strong disadvantage that food need to be withdrawn for at least
12 hours before and 6 hours after treatment and even then many
birds will still vomit. This makes it very hard to use during racing.
Wormers based on fenbendazole and mebendazole cause huge frets
to form in the feathers if used during moulting and are not conveniently
packaged for use in birds.
When using avermectins to treat mites remember that all mites
that infect birds are not always found on them at any one time.
Many live in the nooks and crannies throughout the loft. Unless
the loft is also treated they quickly reinfect the birds. At the
same time as treating the birds with Ivomec or Moxidectin, spray
the loft to avoid this. Simply scrape the loft out as you normally
would and then spray a diluted insecticide (Permethrin is best)
on to the scraped surfaces and into the cracks and crevices. Done
on a warm day, the loft will be dry in 1 – 2 hours and the
birds can be called back in. Try and do such a loft treatment in
the morning so as to ensure the loft is completely dry by night.
Tapeworms are best treated with praziquantel. This drug is very
safe and like the avermectins can be used at any time of the pigeon
year. During treatment the birds behave normally and can be loft
flown and fed normally. Praziquantel is available in tablet form
and also as a water-soluble solution called Prazivet. Prazivet
tends to be fairly bitter and so often it is better to give each
bird 0.25 ml of the neat solution individually to each bird in
the back of the throat.
Lice live off feather debris and so the avermectins have limited
effectiveness against them. When lice are a problem, it is necessary
to spray or dip the birds. As lice live always on the bird, treating
all birds simultaneously will rid the loft of these. Whatever you
do, do not use any of the older preparations such as Malawash.
These are based on organophosphates. Organophosphates have a very
narrow safety margin in birds and accumulate in their system to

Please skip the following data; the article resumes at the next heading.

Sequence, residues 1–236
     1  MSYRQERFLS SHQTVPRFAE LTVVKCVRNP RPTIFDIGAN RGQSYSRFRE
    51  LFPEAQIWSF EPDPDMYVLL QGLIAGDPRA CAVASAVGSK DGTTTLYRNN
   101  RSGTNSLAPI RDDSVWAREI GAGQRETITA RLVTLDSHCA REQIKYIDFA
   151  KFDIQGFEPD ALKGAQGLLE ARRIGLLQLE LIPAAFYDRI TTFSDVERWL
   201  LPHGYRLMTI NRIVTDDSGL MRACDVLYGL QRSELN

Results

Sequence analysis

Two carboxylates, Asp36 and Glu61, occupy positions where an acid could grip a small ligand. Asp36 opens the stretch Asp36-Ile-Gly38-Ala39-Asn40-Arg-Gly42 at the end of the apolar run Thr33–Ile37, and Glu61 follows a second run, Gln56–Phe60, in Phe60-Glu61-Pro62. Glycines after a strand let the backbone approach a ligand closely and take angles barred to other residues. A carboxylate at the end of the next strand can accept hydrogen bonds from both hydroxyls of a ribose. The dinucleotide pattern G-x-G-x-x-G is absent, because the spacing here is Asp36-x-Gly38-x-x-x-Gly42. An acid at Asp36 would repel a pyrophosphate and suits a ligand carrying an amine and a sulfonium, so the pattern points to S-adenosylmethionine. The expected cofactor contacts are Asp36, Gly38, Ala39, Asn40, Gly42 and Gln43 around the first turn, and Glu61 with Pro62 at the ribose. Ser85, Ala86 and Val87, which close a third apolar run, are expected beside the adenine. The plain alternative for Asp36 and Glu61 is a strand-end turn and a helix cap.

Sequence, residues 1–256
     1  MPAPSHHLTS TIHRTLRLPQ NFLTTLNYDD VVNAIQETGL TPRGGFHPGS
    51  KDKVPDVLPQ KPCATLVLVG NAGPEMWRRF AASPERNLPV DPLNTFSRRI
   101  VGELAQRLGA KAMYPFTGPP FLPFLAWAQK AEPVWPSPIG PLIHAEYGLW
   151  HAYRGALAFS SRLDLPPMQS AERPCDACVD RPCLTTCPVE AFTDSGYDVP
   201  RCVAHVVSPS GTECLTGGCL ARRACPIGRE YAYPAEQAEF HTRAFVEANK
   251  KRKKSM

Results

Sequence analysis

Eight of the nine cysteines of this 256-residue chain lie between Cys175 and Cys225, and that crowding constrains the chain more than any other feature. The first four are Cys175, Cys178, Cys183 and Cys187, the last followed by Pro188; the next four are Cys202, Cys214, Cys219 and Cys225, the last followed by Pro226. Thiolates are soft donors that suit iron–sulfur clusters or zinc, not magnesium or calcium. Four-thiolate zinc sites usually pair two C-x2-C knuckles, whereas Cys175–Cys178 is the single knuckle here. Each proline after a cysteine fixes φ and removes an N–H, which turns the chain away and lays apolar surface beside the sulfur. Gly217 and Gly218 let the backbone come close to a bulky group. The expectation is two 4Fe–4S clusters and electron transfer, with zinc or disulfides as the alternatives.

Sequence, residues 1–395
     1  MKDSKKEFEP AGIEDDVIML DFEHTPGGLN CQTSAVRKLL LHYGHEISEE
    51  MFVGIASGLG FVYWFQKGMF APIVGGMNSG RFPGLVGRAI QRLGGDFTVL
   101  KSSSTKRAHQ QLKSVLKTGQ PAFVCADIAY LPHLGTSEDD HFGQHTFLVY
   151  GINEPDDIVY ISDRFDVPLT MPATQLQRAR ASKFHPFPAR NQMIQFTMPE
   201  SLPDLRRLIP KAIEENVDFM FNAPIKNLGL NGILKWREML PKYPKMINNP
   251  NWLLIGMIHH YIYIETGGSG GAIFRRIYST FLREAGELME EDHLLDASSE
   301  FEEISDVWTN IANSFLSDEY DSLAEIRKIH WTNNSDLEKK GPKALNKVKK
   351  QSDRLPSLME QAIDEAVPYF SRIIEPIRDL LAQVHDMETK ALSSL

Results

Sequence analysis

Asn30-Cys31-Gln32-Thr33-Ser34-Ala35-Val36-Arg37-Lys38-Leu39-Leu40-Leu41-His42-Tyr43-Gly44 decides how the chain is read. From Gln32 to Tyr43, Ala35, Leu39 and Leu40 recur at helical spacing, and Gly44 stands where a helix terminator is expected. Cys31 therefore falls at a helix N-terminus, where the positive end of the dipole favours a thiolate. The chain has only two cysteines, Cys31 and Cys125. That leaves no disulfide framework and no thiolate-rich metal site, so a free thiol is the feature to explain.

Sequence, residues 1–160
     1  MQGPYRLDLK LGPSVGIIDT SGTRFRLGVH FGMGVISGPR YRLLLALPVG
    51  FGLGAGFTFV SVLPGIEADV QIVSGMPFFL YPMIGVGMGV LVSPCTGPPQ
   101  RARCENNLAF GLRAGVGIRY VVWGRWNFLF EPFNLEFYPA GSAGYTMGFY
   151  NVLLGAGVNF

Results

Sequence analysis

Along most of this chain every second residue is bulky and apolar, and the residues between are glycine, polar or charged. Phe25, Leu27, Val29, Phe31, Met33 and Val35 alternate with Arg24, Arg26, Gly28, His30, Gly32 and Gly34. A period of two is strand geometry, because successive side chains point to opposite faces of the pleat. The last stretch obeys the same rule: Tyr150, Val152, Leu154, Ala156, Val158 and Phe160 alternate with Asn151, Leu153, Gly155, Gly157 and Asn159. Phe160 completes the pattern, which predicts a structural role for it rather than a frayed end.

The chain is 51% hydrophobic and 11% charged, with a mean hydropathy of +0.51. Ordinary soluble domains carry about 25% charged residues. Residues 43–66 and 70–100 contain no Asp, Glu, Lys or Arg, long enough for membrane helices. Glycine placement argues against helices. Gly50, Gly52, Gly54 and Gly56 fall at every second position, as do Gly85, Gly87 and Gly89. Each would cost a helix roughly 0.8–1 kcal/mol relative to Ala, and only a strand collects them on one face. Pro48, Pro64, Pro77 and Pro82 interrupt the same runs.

their detriment. Having a fancier ring the clinic in a panic after
using Malawash or a similar product, with birds dead or dying,
happens all too commonly. Organophosphates are absorbed through
the skin and as long as the birds remain wet continued absorption
will occur. Often fanciers have been lucky and have earlier dipped
on a warm day and have had the birds dry quickly. Dipping on a
cooler day means the birds stay wet for longer and absorb more
of the poison. This prolonged skin absorption coupled with a narrow
safety margin tips the birds into a toxic dose range. If a drug
company attempted to register an organophosphate for use in birds
these days they would have no chance. The few such products that
are on the market are therapeutic dinosaurs. Birds with organophosphate
poisoning lose muscle control, start to salivate and vomit, develop
diarrhoea, become unconscious and die. If overdose occurs, it is
important to prevent further absorption by physically washing the
birds. If the birds don’t start to improve immediately, your
veterinarian has an antidote injection. Birds regularly washed
in organophosphates gradually accumulate the poison in their system.
The drug, although quickly absorbed, is only slowly released and
tends to be stored in the body, particularly in the body fat and
bones. From here, it is gradually released, interfering with a
number of metabolic processes. This is particularly so in hens,
in which reproduction is affected, leading to abnormal ovulation
and abnormal egg shell formation.
These days use a synthetic pyrethroid such as Permethrin. These
are very safe yet just as effective as organophosphates, prevent
reinfection for up to four months and do not take the bloom off
the feathers. To spray the birds, dilute (usually 10 –20
ml per litre ) into a handheld pump bottle and spray the birds
liberally. To dip the birds, pick a warm day, fill a bucket with
warm water, add Permethrin at the rate of 10 –20 ml per litre
together with a wetting agent (e.g. some children’s baby
shampoo or a few shavings off a cake of pure soap such as “Velvet”)
and away you go. If done correctly, the vane of the feathers will
collapse back to their quills, exposing pink lines of skin. The
birds look like drowned rats but after spreading in the sun and
a bit of preening look normal in about 1 – 2 hours.
Obviously there is no single way of effectively clearing the birds
of parasites, but the system preferred by me is:
Moxidectin, 2 mg/ml, 5 ml per litre for 24 hours
Dip birds in Permethrin
Thorough clean of loft and spray loft with Permethrin
In tapeworm areas or if tapeworm segments are seen in droppings,
Prazivet, 0.25 ml to each bird.